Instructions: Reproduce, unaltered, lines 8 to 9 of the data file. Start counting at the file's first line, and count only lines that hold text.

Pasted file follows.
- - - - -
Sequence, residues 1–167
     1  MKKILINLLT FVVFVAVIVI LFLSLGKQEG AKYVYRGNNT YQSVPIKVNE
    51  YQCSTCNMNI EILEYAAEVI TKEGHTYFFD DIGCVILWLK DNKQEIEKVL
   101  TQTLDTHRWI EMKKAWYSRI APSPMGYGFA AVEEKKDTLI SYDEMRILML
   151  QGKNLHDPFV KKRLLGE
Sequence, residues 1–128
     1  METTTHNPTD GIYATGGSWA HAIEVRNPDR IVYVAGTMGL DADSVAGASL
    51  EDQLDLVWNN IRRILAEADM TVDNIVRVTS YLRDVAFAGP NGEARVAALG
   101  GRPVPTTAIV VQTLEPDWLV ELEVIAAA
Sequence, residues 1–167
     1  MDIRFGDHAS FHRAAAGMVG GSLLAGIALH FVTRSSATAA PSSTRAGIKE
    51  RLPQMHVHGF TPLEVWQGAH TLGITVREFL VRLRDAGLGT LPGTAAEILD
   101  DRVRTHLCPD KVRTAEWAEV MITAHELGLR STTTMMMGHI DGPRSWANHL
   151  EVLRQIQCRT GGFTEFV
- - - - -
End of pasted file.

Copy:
    51  EDQLDLVWNN IRRILAEADM TVDNIVRVTS YLRDVAFAGP NGEARVAALG
   101  GRPVPTTAIV VQTLEPDWLV ELEVIAAA